He would tie her naked to a stake and shoot her full of arrows like Saint Sebastian.
This is an allusion to a Christian saint who was persecuted by the Roman emperor for converting Roman soldiers to Christianity.
And for good reason, for hardly a week passed in which the Times did not carry a paragraph describing how some eavesdropping little sneak—“child hero” was the phrase generally used—had overhead some compromising remark and denounced his parents to the Thought Police.
This is an allusion to a British newspaper that circulated in the late 1700s. It focused on delivering the news without including any government or political propaganda.
It struck him as curious that you could create dead men but not living ones. Comrade Ogilvy, who had never existed in the present, now existed in the past, and when once the act of forgery was forgotten, he would exist just as authentically, and upon the same evidence, as Charlemagne or Julius Caesar.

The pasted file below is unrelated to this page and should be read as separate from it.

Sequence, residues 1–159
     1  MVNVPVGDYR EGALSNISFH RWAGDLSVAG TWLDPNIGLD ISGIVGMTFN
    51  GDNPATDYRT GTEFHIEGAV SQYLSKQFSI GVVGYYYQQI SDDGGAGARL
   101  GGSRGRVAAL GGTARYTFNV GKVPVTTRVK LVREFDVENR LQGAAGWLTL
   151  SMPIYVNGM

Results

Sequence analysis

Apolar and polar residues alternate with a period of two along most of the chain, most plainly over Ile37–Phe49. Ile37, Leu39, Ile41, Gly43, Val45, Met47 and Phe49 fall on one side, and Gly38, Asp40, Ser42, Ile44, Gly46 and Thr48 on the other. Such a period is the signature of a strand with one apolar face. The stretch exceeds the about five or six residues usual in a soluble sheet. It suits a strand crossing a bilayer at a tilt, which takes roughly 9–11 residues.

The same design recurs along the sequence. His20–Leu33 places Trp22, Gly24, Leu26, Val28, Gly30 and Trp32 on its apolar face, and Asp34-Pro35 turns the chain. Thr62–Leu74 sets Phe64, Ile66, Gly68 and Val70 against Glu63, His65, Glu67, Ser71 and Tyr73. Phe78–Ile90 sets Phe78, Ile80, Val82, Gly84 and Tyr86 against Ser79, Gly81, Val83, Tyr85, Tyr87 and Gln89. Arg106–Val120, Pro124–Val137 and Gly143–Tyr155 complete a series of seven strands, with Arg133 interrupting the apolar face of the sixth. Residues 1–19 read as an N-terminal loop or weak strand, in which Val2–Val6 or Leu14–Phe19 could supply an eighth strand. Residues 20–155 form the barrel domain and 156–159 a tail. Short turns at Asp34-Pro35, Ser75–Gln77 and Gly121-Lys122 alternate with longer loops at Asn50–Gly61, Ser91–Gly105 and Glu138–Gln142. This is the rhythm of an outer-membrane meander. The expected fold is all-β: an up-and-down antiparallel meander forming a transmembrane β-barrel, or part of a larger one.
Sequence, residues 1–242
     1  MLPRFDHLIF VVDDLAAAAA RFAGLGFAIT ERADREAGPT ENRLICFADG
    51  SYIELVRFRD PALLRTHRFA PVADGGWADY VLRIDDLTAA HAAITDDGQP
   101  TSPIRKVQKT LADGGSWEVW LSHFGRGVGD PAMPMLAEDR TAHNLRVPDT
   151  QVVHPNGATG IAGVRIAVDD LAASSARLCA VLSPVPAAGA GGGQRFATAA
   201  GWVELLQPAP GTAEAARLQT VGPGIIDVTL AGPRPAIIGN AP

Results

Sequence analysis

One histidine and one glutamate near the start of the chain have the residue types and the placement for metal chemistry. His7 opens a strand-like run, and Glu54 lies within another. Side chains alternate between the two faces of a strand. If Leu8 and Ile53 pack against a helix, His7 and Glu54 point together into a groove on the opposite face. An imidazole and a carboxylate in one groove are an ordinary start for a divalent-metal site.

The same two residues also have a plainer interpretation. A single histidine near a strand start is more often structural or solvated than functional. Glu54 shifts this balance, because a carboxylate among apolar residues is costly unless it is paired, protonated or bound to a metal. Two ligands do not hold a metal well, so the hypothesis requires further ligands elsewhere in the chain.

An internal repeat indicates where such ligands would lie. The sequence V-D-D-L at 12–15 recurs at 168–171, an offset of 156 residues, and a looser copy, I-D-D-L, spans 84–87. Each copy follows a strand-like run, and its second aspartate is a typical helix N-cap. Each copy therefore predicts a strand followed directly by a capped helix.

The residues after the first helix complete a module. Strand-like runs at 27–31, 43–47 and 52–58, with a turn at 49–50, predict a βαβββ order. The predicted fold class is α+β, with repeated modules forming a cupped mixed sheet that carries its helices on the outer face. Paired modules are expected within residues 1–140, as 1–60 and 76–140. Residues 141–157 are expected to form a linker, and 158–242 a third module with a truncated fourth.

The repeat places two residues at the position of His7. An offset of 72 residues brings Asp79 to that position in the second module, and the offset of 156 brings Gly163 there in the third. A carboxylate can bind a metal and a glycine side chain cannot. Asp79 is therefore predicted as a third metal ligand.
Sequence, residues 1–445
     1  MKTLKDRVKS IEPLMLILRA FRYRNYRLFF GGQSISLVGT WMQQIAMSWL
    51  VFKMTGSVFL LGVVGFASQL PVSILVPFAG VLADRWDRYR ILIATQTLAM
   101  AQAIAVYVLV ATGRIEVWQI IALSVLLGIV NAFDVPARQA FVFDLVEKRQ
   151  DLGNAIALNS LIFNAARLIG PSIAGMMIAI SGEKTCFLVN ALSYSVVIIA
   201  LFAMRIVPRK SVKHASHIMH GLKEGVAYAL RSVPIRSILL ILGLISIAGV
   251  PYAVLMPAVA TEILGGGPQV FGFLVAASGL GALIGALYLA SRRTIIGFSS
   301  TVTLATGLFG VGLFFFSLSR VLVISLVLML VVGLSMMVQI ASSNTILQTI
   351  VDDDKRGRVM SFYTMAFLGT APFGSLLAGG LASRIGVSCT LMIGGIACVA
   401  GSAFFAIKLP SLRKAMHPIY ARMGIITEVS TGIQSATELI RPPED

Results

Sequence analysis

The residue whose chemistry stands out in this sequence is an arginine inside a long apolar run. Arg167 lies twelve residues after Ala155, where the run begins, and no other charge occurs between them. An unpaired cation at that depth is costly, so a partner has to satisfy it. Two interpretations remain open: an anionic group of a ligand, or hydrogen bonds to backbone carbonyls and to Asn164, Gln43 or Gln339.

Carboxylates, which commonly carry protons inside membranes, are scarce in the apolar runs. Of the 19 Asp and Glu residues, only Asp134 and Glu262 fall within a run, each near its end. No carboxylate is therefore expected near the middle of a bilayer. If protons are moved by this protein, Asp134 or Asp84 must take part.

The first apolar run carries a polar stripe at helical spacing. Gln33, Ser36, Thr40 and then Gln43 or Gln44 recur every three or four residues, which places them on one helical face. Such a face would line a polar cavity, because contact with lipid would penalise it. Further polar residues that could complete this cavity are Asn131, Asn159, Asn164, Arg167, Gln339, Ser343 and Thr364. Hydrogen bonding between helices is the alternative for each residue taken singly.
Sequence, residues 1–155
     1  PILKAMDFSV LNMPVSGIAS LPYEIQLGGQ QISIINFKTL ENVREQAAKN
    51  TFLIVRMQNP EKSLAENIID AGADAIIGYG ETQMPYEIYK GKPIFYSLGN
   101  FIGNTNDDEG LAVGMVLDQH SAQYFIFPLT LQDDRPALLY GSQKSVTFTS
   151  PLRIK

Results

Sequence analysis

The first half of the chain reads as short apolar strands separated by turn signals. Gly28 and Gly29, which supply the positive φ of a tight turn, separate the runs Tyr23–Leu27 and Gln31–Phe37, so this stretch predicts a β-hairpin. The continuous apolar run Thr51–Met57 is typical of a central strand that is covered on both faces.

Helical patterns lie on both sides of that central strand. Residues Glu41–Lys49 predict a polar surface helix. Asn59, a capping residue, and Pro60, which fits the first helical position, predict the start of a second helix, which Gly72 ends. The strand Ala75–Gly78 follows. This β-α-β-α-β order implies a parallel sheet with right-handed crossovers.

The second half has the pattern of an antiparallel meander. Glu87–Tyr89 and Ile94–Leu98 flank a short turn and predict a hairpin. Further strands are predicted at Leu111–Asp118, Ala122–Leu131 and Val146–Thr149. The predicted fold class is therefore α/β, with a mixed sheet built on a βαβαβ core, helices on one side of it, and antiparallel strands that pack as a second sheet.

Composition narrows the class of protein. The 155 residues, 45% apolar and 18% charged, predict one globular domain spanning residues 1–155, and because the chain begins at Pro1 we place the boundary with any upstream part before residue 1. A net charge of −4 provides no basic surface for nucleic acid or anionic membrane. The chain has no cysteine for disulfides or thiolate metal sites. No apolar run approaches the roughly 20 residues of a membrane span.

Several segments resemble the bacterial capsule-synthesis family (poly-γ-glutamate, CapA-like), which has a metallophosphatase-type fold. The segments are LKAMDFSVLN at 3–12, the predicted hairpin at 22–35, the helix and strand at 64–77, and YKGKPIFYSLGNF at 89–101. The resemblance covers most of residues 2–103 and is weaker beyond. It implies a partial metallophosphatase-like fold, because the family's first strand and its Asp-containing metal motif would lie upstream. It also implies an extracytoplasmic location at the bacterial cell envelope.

This quote contains allusions to Charlemagne, the emperor of much of Western Europe who lived from AD 742–814, and the Roman dictator Julius Caesar.
A little Rumpelstiltskin figure, contorted with hatred, he gripped the neck of the microphone with one hand while the other, enormous at the end of a bony arm, clawed the air menacingly above his head.
This is an allusion to a fairy tale in which a small, magical creature named Rumpelstiltskin tricks desperate people into participating in unfair contracts and then spins straw into gold in exchange for payment.
“I think I exist,” he said warily. “I am conscious of my own identity. I was born, and I shall die.[”]
This is an allusion to the philosopher René Descartes’s (1596–1650) quote “I think, therefore I am.”